From first impression to last impression this book, like its title Quicksand, is deceptive. Even the first physical impression, the physical structure of the book itself - its glossy pages and high quality binding - is designed to impress the reader. Initially the history is written powerfully and revealingly, highlighting information that I have not encountered within other histories of U.S. imperial adventures in the Middle East.

However as the story unfolds, particularly in the final third of the book, a different sense akin to déjà vu surfaces, as the history becomes more of a current events crisis without the in-depth analysis and critique that should have accompanied it. The end result is that instead of discussing the general Middle East geopolitical context and the power of the Israeli lobby within the U.S. - not to mention the lack of global context within the over-riding imperial intent of the United States since its inception - and there are many texts that support that analysis - the history ends leaving a feeling that, well, yes, the U.S. has made some mistakes in their relationships in the Middle East, but their intentions were good.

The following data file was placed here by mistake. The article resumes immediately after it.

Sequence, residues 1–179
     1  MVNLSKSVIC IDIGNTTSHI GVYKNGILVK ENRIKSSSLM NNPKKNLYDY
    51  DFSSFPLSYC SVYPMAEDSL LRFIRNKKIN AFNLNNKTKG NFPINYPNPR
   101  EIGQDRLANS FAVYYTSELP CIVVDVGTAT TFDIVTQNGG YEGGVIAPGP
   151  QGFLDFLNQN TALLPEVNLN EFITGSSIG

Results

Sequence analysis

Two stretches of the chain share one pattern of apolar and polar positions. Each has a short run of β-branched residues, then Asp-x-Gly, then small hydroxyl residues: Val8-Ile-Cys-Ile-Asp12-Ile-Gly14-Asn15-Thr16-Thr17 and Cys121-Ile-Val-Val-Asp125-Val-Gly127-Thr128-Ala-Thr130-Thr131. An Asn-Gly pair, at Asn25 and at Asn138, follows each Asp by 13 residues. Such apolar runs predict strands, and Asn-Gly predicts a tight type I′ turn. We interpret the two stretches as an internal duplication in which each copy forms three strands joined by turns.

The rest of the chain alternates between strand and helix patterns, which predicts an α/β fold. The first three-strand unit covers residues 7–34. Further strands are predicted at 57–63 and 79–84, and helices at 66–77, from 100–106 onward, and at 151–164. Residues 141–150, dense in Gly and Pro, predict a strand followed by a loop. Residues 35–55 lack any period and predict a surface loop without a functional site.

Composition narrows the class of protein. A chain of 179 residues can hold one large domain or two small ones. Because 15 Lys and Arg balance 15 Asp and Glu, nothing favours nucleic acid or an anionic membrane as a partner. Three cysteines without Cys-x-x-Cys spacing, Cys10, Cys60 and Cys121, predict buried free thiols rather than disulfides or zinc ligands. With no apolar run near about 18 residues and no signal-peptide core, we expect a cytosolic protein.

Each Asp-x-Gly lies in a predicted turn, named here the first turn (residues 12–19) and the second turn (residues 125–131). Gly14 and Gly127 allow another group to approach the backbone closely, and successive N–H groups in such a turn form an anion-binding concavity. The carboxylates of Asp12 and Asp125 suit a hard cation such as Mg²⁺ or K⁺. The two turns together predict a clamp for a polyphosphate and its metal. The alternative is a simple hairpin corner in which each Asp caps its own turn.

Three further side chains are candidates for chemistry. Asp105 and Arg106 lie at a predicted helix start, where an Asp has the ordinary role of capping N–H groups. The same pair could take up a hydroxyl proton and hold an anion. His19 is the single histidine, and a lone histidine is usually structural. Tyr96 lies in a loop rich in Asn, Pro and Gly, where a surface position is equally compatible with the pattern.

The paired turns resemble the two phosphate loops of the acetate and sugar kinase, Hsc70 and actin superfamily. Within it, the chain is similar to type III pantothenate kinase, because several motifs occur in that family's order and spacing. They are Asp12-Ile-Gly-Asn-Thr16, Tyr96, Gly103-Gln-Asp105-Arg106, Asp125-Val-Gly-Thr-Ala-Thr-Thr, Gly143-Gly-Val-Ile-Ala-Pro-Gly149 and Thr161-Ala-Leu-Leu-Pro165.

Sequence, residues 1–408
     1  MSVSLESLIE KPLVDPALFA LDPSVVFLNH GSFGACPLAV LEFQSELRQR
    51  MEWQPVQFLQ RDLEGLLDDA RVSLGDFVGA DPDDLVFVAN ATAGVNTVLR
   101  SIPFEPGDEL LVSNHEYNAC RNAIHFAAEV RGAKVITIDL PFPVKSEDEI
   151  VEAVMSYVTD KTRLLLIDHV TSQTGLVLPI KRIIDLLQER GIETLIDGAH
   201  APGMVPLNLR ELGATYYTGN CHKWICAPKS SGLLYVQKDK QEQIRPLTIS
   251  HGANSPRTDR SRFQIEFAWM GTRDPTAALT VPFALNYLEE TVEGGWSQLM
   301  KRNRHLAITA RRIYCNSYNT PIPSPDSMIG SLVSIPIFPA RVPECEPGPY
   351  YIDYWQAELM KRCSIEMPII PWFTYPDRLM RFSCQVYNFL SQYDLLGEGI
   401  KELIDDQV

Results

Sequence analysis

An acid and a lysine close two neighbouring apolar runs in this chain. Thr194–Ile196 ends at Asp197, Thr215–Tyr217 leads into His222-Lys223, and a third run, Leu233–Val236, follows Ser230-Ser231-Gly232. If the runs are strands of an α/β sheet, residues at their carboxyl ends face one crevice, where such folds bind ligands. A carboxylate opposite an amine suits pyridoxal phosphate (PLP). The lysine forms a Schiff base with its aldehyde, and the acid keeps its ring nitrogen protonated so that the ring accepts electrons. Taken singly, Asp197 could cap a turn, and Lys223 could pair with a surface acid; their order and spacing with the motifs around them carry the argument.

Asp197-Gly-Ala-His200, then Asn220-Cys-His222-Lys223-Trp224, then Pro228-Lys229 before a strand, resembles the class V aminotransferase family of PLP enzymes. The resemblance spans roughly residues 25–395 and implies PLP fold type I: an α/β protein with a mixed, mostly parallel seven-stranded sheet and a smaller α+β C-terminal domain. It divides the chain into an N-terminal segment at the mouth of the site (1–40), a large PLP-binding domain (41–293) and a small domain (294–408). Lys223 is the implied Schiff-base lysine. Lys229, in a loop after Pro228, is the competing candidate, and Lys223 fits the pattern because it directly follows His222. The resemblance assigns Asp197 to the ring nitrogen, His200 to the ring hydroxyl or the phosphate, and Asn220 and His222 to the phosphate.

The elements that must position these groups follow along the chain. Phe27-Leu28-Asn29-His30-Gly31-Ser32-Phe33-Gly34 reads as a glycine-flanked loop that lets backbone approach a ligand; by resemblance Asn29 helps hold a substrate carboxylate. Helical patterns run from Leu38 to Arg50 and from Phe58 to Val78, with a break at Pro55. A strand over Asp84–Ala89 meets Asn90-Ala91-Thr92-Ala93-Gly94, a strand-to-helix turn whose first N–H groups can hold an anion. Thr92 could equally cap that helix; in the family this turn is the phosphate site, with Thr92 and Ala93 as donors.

As well, the book ends with the Iraq war and only the briefest of mention of post Iraq war events (of course the war continues, a downgraded insurgency struggle) that should have been covered in a work with a 2010 publication date. The final section “Conclusion” provides very little in the way of substantive answers and only reinforces the déjà vu sensation of too little analysis of supposedly good intentions.